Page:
Because cranberries are a specialty crop, there are only a few people doing genetics research. Vorsa, one of the few cranberry breeder/geneticist in the country, agrees that there is plenty of room for others to share in this work. "Since cranberries are grown in states having varied climates and problems, there is a need for additional breeding efforts."

"A new variety needs grower confidence," Crook says. "That can only be gained through proven research, field tests, and having the proven varieties available to growers."

Headquartered in Lakeville-Middelboro, Massachusetts, Ocean Spray is a cooperative of grower-owners from five states and two Canadian provinces that produce cranberries, plus Florida grapefruit growers.

The cranberry, which got its name from its droopy blossom that looks like the head and beak of a crane, and the blueberry and Concord grape make up the three economically important fruits native to North America.

From 27,700 acres of cranberries grown in 1990, growers harvested about 169,000 tons of fruit, valued at over $147 million. Massachusetts is the largest producer, followed by Wisconsin.

"Cranberries are remarkable because they grow in areas considered wastelands for other agricultural crops," Stretch says. "Unlike rich topsoil, a cranberry bog never wears out."

Most other agriculturally important plants can't exist in the acid soil of marshy bogs that are ideal for cranberry culture.

Planting a new crop of cranberries--perennial plants that produce an annual crop--is unlike planting any other crop. Growers simply cut the vines and spread them, a ton per acre, on land that has been leveled and covered with about 3 inches of coarse sand. Vines can then be hand-planted or disked into the sand where roots and top growth develop within about 2 weeks. The plant spreads by runners and then in the second year produces uprights--shoots that grow up from the runners. Fruitbearing vines completely cover the ground by year 3.

Water is essential for a good cranberry crop. Cranberries need more water than any other agricultural crop.

In northern temperate regions, growers flood their crop in winter; an ice blanket keeps the vines from drying out and maintains a steadier temperature for the dormant crop. The flood, which also protects against frost, is removed in spring but is reapplied to a depth of about 4 to 8 inches for harvest around October.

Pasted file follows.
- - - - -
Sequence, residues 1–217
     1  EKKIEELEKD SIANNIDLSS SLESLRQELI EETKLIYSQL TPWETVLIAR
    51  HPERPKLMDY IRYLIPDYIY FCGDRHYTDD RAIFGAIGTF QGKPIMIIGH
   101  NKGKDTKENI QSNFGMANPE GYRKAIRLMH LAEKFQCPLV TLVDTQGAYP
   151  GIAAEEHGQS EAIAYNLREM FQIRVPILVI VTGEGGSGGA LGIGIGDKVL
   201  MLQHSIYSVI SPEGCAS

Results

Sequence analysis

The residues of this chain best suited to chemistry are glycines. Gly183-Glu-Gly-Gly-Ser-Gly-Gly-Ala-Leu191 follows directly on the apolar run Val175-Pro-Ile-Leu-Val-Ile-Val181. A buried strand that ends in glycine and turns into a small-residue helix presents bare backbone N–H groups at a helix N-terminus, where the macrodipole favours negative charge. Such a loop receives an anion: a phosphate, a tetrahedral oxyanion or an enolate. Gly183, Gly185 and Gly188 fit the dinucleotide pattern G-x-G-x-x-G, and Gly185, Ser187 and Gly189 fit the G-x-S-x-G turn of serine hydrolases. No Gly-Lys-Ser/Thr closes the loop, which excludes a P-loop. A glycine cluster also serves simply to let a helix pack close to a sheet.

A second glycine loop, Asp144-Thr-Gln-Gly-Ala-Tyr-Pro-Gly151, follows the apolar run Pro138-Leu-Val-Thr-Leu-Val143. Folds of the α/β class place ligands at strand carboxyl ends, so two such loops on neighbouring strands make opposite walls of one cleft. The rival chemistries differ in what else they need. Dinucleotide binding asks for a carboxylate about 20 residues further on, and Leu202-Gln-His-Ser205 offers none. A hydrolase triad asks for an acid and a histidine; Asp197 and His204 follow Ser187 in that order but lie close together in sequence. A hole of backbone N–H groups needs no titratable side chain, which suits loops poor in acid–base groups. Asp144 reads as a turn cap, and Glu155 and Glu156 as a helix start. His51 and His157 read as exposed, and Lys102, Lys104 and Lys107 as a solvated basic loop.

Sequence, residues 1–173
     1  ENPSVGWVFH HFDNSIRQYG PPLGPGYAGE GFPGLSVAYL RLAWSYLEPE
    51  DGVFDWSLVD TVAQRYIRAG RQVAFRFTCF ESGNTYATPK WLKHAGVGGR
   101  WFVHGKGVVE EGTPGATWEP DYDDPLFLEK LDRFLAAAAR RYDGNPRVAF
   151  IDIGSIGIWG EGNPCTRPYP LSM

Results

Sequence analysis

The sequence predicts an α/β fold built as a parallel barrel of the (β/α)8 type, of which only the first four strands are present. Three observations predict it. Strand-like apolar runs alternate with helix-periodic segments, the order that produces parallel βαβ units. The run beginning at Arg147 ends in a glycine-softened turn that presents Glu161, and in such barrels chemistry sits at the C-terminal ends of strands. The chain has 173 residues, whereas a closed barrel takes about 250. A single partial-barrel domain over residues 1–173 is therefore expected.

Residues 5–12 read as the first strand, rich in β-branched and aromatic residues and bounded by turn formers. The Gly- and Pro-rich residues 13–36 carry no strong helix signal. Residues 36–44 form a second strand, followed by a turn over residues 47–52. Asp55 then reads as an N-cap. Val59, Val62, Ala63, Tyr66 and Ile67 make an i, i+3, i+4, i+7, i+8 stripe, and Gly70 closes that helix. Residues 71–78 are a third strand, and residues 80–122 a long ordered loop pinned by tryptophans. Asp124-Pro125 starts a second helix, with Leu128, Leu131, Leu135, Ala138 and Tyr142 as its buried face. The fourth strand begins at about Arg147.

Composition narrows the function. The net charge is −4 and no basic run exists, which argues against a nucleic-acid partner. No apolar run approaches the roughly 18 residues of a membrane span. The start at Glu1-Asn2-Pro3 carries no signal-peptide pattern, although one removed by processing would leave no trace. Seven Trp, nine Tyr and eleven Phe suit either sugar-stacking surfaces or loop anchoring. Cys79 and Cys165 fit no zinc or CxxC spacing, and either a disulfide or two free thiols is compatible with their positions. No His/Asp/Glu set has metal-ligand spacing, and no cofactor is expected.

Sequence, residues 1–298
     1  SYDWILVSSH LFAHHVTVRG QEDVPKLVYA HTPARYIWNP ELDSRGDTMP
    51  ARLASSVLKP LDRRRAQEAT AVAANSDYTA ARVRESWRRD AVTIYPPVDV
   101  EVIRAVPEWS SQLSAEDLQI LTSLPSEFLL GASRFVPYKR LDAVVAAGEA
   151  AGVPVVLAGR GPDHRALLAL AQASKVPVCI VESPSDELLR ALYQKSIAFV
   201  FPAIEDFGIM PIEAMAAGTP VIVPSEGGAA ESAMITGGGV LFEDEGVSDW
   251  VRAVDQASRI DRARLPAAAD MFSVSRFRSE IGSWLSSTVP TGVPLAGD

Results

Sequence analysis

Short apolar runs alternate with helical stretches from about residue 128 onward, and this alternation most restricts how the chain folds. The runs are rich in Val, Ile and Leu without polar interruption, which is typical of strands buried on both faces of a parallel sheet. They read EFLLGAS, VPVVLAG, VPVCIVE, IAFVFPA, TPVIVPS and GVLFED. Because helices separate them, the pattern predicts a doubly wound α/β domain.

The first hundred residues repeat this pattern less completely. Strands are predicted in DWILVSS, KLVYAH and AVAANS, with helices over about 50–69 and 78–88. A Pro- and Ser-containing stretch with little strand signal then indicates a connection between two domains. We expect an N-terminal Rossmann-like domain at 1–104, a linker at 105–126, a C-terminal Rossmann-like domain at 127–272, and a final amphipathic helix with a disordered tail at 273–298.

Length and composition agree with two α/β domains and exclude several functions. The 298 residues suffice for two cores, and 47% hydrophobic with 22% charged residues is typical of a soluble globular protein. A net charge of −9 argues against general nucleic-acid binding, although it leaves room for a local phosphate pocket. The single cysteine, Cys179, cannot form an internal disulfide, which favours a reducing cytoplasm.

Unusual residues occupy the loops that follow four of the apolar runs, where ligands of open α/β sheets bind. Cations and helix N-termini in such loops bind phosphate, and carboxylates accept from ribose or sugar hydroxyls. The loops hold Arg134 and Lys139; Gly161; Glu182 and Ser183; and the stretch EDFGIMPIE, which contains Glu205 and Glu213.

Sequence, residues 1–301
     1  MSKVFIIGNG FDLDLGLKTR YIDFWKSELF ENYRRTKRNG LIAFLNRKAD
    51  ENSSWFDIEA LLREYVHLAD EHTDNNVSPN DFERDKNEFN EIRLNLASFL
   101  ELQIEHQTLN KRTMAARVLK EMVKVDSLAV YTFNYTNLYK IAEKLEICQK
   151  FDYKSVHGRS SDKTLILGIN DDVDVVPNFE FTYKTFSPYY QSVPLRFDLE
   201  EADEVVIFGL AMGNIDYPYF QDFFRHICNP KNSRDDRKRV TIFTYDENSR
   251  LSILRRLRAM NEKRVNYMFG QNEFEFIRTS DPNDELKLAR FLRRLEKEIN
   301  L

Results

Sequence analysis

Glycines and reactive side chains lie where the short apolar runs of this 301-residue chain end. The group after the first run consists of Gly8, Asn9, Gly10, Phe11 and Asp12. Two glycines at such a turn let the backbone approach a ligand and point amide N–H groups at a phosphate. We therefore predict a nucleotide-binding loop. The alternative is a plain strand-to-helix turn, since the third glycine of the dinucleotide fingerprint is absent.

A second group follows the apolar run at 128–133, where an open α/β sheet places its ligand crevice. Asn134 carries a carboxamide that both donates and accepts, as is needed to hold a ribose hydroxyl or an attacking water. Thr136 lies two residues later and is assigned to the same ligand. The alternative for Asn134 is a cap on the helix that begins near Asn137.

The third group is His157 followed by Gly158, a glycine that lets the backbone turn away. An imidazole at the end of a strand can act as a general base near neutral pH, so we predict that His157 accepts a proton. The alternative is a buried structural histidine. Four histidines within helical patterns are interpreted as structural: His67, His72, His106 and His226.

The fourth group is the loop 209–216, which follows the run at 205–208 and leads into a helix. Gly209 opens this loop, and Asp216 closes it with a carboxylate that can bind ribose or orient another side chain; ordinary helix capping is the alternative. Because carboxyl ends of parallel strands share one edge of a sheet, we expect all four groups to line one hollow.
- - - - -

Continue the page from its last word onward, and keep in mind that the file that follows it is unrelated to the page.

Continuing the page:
A harvesting machine that looks like an eggbeater dislodges the fruit from their stems. As the berries float on top of the water, a simple wooden boom pushes them to a loading area where conveyor belts carry them into waiting trucks. Within 24 hours, the fruit is cleaned and on its way to freezer storage.

Some growers dry-harvest with a piece of equipment that has what looks like a giant steel comb attached. The vines pass through the teeth which snaps the berries off. The berries are then transferred to burlap sacks for removal from the field.

Dry-harvested cranberries store better than wet-harvested ones. Refrigeration will keep berries for several months. In a fairly cool autumn, berries keep in common storage about 2 or 3 months. Not much storage time is needed for a crop that is processed in so many ways: sauce; juice cocktail; blended with apple, raspberry, blueberry, grape, and apricot juice; cranberry-orange relish; candied and spiced cranberries; and liqueurs.

PHOTO : ARS plant pathologist Allan Stretch (left) and associate professor Nicholi Vorsa of Rutgers' Blueberry and Cranberry Research Center examine the fruit resulting from crosses of Pilgrim and McFarlin cranberries. (K-4421-1)

PHOTO : Cranberry half at right has black rot caused by a fungus. (K-4420-11)

PHOTO : Damaged cranberries are dipped in a bacterial solution to see if it will inhibit fungi that cause black rot. (K-4420-2)

Allan W. Stretch can be reached at USDA-ARS, Blueverry and Cranberry Research Center, Rutgers University, Penn State Forest Rd., Chatsworth, NJ 08019. Phone (609) 726-1950.
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Title Annotation:includes related article on cranberry bog
Author:Stanley, Doris
Publication:Agricultural Research
Date:Jan 1, 1992